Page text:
Poems (Botta)/Day Dawn in Italy

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DAY-DAWN IN ITALY.


Italia! in thy bleeding heart, I thought, e’en hope was dead; That from thy scarred and prostrate form, The spark of life had fled.

I thought, as Memory’s sunset glow Its radiance o’er thee cast, That all thy glory and thy fame Were buried in the past.

Twice Mistress of the world! I thought Thy star had set in gloom; That all thy shrines and monuments Were but thy spirit’s tomb.

The mausoleum of the world, Where Art her spoils might keep; Where pilgrims from all shrines might come, To wonder and to weep.

The thunders of the Vatican Had long since died away; Saint Peter’s chair seemed tottering, And crumbling to decay.

Thy ancient line of Pontiff Kings Was to the past allied; And oft in Freedom’s holy wars, They fought not on her side.

The sacred banner of the Cross Was trailing, soiled and torn; And often had the hostile ranks That blessed ensign borne.

But from her death-like slumber now, The seven-hilled city wakes: Italia! on thy shrouded sky, A gleam of morning breaks.

Along the Alps and Appenines Runs an electric thrill; A golden splendor lights once more The Capitolian hill.

And hopes, bright as thy sunny skies, Are o’er thy future cast; The future that upon thee beams, As glorious as thy past.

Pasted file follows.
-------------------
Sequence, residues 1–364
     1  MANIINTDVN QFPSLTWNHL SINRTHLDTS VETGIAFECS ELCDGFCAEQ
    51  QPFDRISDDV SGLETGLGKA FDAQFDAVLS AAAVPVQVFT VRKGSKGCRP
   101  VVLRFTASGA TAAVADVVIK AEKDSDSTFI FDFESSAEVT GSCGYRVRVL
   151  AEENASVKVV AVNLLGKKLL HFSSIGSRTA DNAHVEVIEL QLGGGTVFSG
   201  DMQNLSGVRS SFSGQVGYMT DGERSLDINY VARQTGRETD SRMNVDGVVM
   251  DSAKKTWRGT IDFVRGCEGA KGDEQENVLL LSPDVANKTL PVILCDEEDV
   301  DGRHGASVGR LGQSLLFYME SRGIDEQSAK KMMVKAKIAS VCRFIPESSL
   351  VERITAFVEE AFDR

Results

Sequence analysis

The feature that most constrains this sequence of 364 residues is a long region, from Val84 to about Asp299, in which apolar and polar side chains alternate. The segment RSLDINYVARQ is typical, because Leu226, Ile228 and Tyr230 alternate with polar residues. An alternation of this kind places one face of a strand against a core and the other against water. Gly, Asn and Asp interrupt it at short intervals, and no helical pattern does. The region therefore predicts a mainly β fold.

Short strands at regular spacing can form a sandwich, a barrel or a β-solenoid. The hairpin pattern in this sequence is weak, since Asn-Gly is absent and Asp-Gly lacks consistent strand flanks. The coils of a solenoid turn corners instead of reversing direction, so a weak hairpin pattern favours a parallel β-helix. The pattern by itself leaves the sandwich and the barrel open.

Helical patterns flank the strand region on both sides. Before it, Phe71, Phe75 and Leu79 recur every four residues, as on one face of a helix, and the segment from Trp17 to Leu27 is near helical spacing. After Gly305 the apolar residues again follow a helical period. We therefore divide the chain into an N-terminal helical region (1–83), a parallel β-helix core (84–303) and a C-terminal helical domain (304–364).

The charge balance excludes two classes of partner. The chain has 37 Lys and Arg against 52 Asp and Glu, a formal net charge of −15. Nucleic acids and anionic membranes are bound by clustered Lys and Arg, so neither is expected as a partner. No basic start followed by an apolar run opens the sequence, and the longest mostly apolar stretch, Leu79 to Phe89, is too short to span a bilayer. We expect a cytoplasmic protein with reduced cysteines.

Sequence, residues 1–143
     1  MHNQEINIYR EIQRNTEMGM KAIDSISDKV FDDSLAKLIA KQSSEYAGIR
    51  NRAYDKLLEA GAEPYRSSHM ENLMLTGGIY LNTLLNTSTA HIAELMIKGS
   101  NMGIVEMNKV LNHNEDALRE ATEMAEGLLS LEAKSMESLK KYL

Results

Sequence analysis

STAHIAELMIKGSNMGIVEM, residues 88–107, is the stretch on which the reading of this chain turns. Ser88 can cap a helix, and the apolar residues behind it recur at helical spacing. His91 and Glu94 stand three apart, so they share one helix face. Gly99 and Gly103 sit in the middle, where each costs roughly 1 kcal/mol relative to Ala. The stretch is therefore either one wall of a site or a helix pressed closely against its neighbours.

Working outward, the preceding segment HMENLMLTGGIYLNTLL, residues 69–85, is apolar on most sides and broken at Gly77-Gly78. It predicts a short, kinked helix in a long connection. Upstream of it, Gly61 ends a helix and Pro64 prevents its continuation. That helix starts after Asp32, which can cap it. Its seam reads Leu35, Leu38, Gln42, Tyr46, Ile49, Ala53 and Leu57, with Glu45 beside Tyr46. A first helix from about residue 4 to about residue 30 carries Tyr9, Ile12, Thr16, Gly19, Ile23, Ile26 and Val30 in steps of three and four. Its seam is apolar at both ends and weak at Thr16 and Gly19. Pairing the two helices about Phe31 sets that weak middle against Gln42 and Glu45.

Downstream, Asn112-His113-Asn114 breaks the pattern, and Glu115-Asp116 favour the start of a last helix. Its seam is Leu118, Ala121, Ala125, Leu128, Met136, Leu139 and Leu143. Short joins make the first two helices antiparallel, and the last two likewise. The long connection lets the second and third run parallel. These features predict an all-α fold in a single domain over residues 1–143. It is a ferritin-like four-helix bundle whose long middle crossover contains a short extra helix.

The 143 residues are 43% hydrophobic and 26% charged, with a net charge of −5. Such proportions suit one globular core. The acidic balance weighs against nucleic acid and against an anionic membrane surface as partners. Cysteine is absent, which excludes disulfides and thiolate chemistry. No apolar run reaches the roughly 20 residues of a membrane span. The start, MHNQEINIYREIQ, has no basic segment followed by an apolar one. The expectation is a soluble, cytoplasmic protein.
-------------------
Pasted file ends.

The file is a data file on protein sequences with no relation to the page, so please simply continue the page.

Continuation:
The laurels that thy Caesars wore, Were dyed with crimson stains; Their triumphs glittered with the spoil Won on thy battle plains.

But for thy Pontiff Prince, to-day, A laurel might’st thou twine, Unsullied as the spotless life He lays upon thy shrine.

For him might the triumphal car Ascend the hill again; No slaves, bound to the chariot wheels, Should swell the lengthened train:—

Such train, as in her proudest days, Was never seen in Rome,— Of captives from the dungeon freed,— Of exiles welcomed home.

When, gazing on the doubtful strife, The Hebrew leader prayed, The friends of Israel gathered round, His drooping hands they staid.

And thus around the Patriarch’s chair, The friends of Freedom stand,— All eager, though it falters not, To stay his lifted hand.

And in a clearer, firmer tone, Is heard their rallying cry; From Ætna to the Alps it sounds: “For God and Liberty!”